Here is a quote from a story Christian Red and T.J. Quinn wrote in this newspaper last year, about Thomas’ days running the Continental Basketball Association into the ground. It comes from a woman named Diane Bosshard, who owned the La Crosse Bobcats with her husband before selling the team to Thomas:

“He ruled with intimidation. It was just like, ‘If I swear enough or if I act like I’m tough enough you’re going to back down.’”

Anucha Browne Sanders didn’t back down at the Garden, doesn’t back down in 23A, where they want her job performance to be on trial. That shouldn’t put jurors to sleep. It should have them rolling in the aisle.

A year later Thomas was replaced by Donnie Walsh, a 67 year old former president of the Indiana Pacers who had a solid track record, even managing to get some use out of Isiah Thomas who coached the Pacers for a while before moving on to the Knicks. Walsh’s goal was to clean house at the Knicks, first of all by unloading the expensive but unproductive talent and secondly by enforcing higher ethical standards—a fairly easy goal to accomplish in light of the fact that anything would be better than the cesspool Thomas ran.

Walsh’s first executive decision was to hire Mike D’Antoni, the former coach of the Phoenix Suns. Although the Suns never won a championship, they were always in the playoffs. D’Antoni was committed to offense-oriented play that involved a high tempo running game and the so-called “pick and roll”. Rather than try to explain it, I’ll refer you to the clip below:

Not long after hiring D’Antoni, Walsh offered Amare Stoudemire, one-half of the Phoenix Suns’ pick-and-roll team, a fat contract. With a group of young, newly drafted talent, the Knicks were finally starting to look respectable. But in a calculated bid to lure people to the Garden, team owner James Dolan traded most of these new players to the Denver Nuggets in order to land Carmelo Anthony, a flashy shooter with few defensive skills. Once the Rockets unloaded Anthony, they began playing better than ever.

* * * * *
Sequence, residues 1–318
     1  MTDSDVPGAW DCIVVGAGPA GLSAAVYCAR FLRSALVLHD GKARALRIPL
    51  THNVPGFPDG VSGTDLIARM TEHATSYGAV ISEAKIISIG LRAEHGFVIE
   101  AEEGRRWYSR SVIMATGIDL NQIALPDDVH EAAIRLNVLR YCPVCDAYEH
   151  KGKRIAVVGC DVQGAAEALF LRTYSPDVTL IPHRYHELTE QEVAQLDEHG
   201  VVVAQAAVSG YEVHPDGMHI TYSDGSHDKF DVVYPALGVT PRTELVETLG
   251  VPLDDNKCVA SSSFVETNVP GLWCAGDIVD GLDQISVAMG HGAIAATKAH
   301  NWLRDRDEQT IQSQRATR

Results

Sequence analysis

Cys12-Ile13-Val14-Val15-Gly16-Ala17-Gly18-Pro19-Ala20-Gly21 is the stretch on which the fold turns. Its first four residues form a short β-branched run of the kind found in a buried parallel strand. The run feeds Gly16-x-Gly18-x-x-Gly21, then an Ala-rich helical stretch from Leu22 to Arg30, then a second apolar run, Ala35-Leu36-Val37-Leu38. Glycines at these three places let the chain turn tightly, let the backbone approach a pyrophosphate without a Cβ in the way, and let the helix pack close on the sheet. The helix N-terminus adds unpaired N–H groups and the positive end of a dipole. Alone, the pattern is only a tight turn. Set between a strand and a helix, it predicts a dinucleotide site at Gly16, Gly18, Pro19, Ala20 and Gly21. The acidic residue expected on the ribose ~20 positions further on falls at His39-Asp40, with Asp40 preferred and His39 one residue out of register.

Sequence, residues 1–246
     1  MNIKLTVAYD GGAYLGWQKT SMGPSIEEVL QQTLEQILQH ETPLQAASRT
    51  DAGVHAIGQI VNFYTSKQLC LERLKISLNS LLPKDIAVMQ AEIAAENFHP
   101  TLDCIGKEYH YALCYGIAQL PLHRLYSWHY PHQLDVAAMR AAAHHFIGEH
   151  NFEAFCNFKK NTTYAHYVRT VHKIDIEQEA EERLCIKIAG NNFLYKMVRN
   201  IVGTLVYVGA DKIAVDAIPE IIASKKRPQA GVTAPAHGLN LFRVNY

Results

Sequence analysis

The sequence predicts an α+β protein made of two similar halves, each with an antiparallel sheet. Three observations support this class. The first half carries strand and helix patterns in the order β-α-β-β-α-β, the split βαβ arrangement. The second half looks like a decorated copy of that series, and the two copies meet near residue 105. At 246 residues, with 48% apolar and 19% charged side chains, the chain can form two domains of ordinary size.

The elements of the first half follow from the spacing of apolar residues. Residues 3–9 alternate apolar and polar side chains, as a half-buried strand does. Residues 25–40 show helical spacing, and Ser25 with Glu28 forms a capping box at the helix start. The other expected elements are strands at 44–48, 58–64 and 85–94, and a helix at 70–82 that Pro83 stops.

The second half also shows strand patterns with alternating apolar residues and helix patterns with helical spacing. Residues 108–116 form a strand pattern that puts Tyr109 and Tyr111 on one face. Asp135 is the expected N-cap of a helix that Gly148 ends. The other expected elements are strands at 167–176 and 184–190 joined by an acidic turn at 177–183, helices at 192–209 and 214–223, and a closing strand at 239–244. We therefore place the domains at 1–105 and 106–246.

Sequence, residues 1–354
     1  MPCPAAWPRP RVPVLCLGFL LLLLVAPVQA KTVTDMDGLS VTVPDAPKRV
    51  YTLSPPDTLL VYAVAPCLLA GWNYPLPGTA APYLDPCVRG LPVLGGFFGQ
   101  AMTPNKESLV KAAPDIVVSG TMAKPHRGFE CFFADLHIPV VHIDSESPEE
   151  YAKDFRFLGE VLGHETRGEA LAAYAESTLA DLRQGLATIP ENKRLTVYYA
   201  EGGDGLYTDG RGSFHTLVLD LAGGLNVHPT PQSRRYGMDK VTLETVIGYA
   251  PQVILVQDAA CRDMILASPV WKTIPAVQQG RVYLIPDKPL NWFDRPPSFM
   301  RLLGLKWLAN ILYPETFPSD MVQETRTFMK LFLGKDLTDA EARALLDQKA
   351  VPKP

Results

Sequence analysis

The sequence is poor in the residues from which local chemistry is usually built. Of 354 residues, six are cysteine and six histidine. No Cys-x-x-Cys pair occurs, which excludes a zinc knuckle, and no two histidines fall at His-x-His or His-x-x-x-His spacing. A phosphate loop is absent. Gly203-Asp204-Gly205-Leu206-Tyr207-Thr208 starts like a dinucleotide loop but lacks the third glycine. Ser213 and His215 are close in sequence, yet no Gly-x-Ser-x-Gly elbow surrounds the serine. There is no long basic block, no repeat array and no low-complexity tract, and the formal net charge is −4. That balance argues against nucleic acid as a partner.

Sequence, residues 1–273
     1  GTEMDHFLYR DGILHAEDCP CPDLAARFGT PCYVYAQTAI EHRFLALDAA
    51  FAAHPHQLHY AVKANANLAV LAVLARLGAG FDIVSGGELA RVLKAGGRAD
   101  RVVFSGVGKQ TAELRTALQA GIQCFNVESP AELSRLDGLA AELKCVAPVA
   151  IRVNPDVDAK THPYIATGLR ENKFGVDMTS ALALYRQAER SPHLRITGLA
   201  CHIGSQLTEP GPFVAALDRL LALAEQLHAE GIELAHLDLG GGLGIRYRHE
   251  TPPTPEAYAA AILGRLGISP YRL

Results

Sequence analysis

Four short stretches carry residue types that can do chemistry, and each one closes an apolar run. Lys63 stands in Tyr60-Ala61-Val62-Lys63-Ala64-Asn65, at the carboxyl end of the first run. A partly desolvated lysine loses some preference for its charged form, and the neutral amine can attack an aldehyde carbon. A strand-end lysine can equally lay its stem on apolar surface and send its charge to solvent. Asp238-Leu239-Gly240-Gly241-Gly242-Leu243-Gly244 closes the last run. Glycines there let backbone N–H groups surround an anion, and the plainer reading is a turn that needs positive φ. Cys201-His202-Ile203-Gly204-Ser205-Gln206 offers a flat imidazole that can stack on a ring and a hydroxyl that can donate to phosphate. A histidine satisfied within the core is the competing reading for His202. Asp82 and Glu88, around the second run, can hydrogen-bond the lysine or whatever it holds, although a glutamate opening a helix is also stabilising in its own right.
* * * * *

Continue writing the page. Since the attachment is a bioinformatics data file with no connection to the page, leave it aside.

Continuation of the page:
This year the Knicks started off abysmally, a function mostly of lacking a true point guard who knew how to distribute the ball. Lacking such a player, Carmelo Anthony got a green light to hog the ball, making other players less effective than last year, including Amare Stoudemire.

What the Knicks needed was somebody like Steve Nash, who was not only a terrific basketball player but politically courageous. In 2003 Nash had the guts to oppose the war in Iraq during a time of war hysteria that nearly ruined the careers of the Dixie Chicks and Bill Maher. Considering the close ties between professional sports franchises and the national-security state, Nash was putting his career on the line as Common Dreams reported:

APPARENTLY A COUNTRY music concert is the wrong place for a war protest, the Academy Awards show is OK as long as you keep it short, and a basketball game … well, that’s still up in the air for debate.

When the lead singer of the Dixie Chicks told a London audience that she was ashamed that she and President Bush are from the same state, many Texas radio stations refused to play the group’s songs. She quickly apologized. Former Santa Clara and current Dallas Mavericks star Steve Nash, though, has not apologized for his anti-war comments and said fan reaction to his stance has been “unbelievably positive.”

It all started with Nash wearing a T-shirt to All-Star activities in Atlanta that said, “No War. Shoot for Peace.” Nash continued his protest of the war, as reporters asked him about his shirt and his beliefs, up until and after the first U.S. bombs hit Iraq last week. Those who haven’t been receptive to Nash are those that don’t think a basketball player should be using his forum to speak out on politics, especially a Canadian basketball player.